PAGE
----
The world functions digitally in many areas. And yet – or precisely because of this – print has a special status in society. Print not only transports information but can also turn any item into a customized product. One person who knows how to do this is Alexander Sperrfechter, founder and CEO of the software company rissc. In the new episode of Zippers Insights, he talks about e-commerce, headless web-to-print, the importance of the smartphone as a touchpoint, the metaverse and mass customization. It’s worth listening in!
Bernd Zipper: We’re sitting here together with Alexander Sperrfechter from rissc. Hello there, greetings! Your company is called rissc, R-I-S-S-C. You are known as specialists for the whole topic of web-to-print, web-to-publish – what does rissc actually mean?
Alexander Sperrfechter: We’ve been around for a good 20 years now. Back then, we thought that we would simply put the first letters of the activities we wanted to carry out into a company name. The result was rissc. 20 years ago, we were relatively closely involved with research – that’s where the R comes from. And together with Information Software Service and Consulting, the result is rissc.
Bernd Zipper: You are a real hidden hero. If you don’t go to the Online Print Symposium or to an industry event that deals with e-commerce or online printing, nobody will probably meet you. That’s because you don’t run any big campaigns. Instead, you find your customers – with Swabian reserve – either through word of mouth or at industry events.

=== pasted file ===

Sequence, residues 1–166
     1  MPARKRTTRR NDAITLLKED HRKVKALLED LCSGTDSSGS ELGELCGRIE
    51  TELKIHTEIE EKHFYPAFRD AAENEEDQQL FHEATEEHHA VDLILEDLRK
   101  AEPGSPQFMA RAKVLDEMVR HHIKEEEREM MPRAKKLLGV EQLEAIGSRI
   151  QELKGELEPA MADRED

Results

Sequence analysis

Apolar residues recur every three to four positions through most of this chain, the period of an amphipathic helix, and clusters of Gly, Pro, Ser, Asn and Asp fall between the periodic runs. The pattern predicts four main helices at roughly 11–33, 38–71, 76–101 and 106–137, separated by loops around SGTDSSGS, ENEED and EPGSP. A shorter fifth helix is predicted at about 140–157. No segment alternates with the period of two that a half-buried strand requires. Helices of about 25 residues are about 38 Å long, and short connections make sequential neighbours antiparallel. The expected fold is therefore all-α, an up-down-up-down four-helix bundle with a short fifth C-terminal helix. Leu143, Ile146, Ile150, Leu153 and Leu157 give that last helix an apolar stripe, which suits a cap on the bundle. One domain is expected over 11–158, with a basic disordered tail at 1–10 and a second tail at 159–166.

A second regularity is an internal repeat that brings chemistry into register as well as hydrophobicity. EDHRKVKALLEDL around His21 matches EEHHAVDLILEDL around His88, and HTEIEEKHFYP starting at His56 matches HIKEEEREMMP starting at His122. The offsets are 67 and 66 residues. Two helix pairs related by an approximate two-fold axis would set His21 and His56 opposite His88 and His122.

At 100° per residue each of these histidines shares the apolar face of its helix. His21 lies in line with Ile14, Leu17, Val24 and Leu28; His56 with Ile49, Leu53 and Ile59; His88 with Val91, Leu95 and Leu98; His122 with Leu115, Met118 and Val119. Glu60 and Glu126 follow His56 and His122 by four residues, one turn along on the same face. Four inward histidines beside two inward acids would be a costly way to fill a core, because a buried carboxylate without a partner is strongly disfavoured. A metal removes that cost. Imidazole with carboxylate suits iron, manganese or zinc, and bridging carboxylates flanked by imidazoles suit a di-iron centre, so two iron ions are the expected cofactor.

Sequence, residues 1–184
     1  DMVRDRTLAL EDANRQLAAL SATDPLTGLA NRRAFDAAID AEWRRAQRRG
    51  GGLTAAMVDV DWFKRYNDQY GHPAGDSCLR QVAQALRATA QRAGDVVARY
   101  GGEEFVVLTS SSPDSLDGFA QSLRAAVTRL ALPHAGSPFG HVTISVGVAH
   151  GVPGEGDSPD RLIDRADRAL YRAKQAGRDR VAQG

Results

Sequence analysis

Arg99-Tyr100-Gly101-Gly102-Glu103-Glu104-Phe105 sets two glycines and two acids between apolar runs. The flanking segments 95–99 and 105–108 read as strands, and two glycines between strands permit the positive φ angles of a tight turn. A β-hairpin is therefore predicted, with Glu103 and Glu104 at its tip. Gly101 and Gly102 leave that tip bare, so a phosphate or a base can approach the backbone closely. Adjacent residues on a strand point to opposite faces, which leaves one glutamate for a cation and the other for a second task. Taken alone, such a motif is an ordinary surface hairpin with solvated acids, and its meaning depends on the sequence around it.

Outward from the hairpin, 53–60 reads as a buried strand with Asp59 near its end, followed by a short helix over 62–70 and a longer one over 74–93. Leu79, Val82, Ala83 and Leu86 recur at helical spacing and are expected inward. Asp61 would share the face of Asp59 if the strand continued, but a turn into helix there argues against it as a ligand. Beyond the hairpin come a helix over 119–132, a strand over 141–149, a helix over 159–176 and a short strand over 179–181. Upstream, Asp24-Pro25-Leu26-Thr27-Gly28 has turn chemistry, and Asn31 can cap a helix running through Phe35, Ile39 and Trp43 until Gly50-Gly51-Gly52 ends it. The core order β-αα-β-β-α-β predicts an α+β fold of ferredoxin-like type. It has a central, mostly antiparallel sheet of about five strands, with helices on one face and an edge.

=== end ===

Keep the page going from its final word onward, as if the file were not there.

Alexander Sperrfechter: Yes, exactly. I think if there’s one thing we can’t do, it’s aggressive marketing. That can be good and bad. For us, it hasn’t been bad the last few years. But of course, there are always people asking, “Who are you guys anyway?”, “Where are you from, why don’t we know you?”. We can certainly work on that.
Bernd Zipper: On your website you write that you have around 5,000 happy users. Where do they come from? Who uses the Printformer, the Printformer Service Software?
Alexander Sperrfechter: Sounds almost like happy chickens… but no. Happy users means that over the years we have had an extremely large number of users who actively use the software in a wide variety of environments, whether it is B2B, B2C, or internally in companies where workflows are organized. And most of the feedback I get is that they are happy. That’s why there’s a number. By the way, it’s not really up to date anymore. I think there are more of them now.
Bernd Zipper: Just to explain, you started with a web editor. The Printformer can be described as a web-to-print editor, right?
Alexander Sperrfechter: Yes, absolutely. Where did we actually start from? We were founded 20 years ago and mainly collected data in a web environment. That was totally hip at the time. We were using tablets, which didn’t really exist yet. We went to car manufacturers, other companies and did research. We collected data on all kinds of topics. On the web-to-print topic, we found ourselves, as is probably often the case with companies, having someone approach us and say, “If you can collect data, can you print it?” That’s how we came to the web-to-print topic. We then decided for ourselves relatively quickly: If we’re going to do this, we want to do it with a focus – and left everything else. Because we saw the potential in this environment.